May 23 - Foes Clash Over Cash - Mark Pazniokas
May 25 - Small Donors Aid Lamont - Mark Pazniokas
The first focuses on the Lieberman campaign making an issue of Lamont's personal wealth and his willingness to contribute to his own campaign. Here are the interesting bits (without much context, I encourage you to click on the link):
"I am confident they want as their senator somebody who has had the experience of growing up in this state, living the lives they have lived," Lieberman said.
"We started nearly $5 million behind an 18-year incumbent," Lamont said in a statement e-mailed to reporters. "My contribution amplifies the voices of thousands of our supporters who want to change our priorities in Washington."
"Having between $90 million and $300 million, Ned Lamont can not only try to buy a seat from Connecticut in the U.S. Senate, he can probably buy a seat in a couple of other states if he wanted," Lieberman said.
Tom Swan, Lamont's campaign manager, said his candidate is not taking special-interest money, unlike Lieberman.
"The additional $500,000 is still way less money than what Joe Lieberman has raised from Washington, D.C., special interests," Swan said. "It's not in Joe Lieberman's interest to make an issue of sources of campaign contributions."
This is an interesting strategy by Lieberman's team, that I, personally, don't think will resonate. First of all, much of the state population-wise (from Stamford to roughly Danbury in one direction and New Haven in the other) are in the NYC media market and, in the last 6 years or so have watched John Corzine spend far more than $1 million of his personal money to "buy" a senate seat and than the governor's mansion (NJ). The politically engaged Democrat will look at the amount, shrug, and vote their values. The non-politically engaged will not be voting in the Democratic primary.
Second, and unfortunately, this is the way the system works. And what a perverse system it is when the very rich guy who spends his fortune actually smells cleaner than the rich guy who spends PAC and corporate bundles! Given Lieberman's reliance on out-of-state sources of money in PAC and large corporate bundles, I think he treads down this road at his own peril.
Finally, I don't (and I imagine the average nutmegger would agree) need to hear this: "I am confident they want as their senator somebody who has had the experience of growing up in this state, living the lives they have lived" out of the mouth of someone who is worth between $431,059 and $1,675,000 (source: 2004 Financial Disclosure Report) to attack someone who is worth between $90 million and $300 million. [For the record, the Courant article says that Senator Lieberman is worth "no more than $940,000, based on his financial disclosure statement." Which disclosure statement is not noted.]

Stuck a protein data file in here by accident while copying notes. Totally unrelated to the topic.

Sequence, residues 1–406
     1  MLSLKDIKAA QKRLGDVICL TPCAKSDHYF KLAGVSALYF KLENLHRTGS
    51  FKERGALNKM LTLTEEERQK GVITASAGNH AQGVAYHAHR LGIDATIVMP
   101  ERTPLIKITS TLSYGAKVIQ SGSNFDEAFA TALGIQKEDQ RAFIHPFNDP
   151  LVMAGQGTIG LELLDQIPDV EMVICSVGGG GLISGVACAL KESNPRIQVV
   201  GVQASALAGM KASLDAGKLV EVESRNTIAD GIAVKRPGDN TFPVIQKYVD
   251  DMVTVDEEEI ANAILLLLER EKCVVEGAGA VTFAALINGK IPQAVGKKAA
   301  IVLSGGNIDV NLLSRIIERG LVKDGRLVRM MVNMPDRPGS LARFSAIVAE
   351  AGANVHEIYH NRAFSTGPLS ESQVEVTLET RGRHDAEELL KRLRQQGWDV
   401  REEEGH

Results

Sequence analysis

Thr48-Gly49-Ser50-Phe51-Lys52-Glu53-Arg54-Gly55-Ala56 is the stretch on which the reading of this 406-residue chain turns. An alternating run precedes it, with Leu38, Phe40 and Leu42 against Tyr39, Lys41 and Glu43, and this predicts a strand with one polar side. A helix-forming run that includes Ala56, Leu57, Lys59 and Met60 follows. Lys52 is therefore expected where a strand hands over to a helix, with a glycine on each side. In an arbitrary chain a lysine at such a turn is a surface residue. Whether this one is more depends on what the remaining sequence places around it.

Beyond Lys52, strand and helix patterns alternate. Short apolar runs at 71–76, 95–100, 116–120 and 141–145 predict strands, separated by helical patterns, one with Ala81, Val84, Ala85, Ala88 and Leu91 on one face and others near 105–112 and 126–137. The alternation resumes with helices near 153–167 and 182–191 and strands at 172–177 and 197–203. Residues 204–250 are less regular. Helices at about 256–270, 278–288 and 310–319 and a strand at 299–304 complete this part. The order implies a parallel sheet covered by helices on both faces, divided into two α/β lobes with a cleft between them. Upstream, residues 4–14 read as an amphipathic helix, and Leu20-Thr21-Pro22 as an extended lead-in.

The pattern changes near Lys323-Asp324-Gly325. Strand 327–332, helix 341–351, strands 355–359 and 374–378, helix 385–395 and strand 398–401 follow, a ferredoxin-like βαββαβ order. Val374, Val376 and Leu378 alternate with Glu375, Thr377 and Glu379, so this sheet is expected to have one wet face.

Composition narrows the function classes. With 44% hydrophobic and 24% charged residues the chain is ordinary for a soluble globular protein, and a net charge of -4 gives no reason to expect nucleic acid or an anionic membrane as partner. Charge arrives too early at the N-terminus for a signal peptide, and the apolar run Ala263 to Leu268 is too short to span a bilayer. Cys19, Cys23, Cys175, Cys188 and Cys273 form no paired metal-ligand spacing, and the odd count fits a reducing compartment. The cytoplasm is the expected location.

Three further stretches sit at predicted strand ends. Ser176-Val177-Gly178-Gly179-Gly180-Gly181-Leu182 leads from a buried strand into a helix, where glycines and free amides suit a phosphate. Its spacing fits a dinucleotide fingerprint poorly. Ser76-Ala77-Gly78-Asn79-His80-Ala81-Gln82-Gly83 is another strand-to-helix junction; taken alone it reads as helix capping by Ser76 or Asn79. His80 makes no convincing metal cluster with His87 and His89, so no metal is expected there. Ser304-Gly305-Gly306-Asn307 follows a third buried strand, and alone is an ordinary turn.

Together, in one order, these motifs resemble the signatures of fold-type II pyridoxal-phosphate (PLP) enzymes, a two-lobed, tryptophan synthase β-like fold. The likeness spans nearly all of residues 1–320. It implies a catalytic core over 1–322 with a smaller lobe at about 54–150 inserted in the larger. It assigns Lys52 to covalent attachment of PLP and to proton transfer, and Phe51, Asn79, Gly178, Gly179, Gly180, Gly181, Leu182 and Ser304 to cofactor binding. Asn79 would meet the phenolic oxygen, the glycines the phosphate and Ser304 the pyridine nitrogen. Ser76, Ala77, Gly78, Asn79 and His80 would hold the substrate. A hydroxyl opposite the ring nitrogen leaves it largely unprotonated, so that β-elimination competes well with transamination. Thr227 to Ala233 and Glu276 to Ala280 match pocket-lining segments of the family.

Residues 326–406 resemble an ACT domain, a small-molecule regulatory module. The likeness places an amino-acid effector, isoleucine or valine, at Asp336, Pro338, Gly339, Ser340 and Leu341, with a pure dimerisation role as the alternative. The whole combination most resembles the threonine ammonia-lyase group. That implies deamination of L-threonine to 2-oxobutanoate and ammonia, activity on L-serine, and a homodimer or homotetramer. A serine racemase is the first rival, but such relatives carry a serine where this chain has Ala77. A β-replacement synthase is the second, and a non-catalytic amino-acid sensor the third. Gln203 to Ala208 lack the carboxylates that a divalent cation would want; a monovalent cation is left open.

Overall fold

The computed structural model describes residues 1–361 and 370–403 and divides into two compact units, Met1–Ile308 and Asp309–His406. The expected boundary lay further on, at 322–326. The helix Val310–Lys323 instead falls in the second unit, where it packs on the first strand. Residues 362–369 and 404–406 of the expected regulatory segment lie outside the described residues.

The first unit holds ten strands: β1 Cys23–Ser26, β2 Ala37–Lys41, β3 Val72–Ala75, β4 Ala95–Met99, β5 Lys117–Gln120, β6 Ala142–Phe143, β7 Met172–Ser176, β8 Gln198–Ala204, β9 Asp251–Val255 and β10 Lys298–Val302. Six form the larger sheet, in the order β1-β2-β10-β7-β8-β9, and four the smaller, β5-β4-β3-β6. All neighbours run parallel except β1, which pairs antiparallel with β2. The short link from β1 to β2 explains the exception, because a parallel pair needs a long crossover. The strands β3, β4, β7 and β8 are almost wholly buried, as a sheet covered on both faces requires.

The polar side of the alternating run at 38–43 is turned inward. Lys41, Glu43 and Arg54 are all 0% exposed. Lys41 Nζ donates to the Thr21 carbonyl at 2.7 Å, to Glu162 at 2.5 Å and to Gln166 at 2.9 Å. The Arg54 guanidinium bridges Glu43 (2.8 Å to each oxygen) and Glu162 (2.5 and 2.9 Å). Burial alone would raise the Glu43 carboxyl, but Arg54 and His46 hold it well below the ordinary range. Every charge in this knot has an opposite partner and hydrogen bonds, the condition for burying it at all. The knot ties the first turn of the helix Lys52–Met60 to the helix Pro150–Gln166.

With all due respect to the Senator, he is not personally aware of the effect of revaluation (my house doubled) and the new mill rate (down about 2 mills) will have on my ability to pay my property taxes (hint: not good). Nor is he personally aware of how the bankruptcy bill, that he voted against but, when the chips were down, he voted for cloture, will effect nutmeggers who will have to declare under the new rules.
Leaving aside the very rich and the merely rich, none of these guys is like the average Connecticut voter; we are free to vote our values.
Also, a little post-convention spin:
Lieberman downplayed losing one-third of the Democratic convention vote over the weekend to Lamont.
"I will take a 2-1 victory, which is what I was lucky to have at the state convention, any day and in any campaign in which I am involved," Lieberman said.
This is just laughable. Pre-convention, they were setting the bar impossibly high for Lamont (35%) and he exceeded all reasonable expectations and almost met their unreasonable ones. When that 2-1 margin was announced, every Lieberman supporter got nervous.
The second article talks about Lamont's fundraising from individuals, especially stemming from his endorsement by Democracy For America (now raised over $60,000 for the Lamont campaign). Here are the money graphs:
Tom Swan, the manager of Lamont's campaign, said Lamont has raised $620,000 from individuals, in addition to the $1 million provided by the candidate.
Lieberman, a three-term incumbent, has raised about $7 million since his re-election in 2000.
Make this point number 4 above to why Lieberman's strategy of making an issue of Lamont's wealth is risky: After contributing a million ($1,000,000!) of his own money to the campaign, he is still has about 5.375 million dollars ($5,375,000!) raised less than the Lieberman campaign. Buying the election? Or the biggest longshot underdog in recent memory?
As I wrote this, the fundraising story got a little sunnier for the Lamont campaign. In the MoveOn.org online primary, he took 85% of the vote to Lieberman's 14% (I received an email, the press release is not currantly online). MoveOn now will jump into the fray on the Lamont side, presumably with fundraising emails and issue advocacy ads. It will be very interesting to see how much cash the campaign brings in as a result of this endorsement and whether any MoveOn ads are played and their effectiveness. [The MoveOn endorsement is really seperate news and I will do a seperate post on it later, but it was relevant here so I had to mention it.]
Courant May 23, 2006 - Foes Clash Over Cash - Mark Pazniokas
Courant May 25, 2006 - Small Donors Aid Lamont - Mark Pazniokas
Journal Inquirer May 18, 2006 - Out-of-staters boost Lieberman warchest in April; Lamont late to file - Don Michak
May 24, 2006 - How Much Are YOU Worth, Senator Lieberman? - Branford Boy
Joe Lieberman's 2004 FDR - OpenSecrets.org
May 26, 2006 - MoveOn.org Press Release - Lamont Wins MoveOn Endorsement for U.S. Senate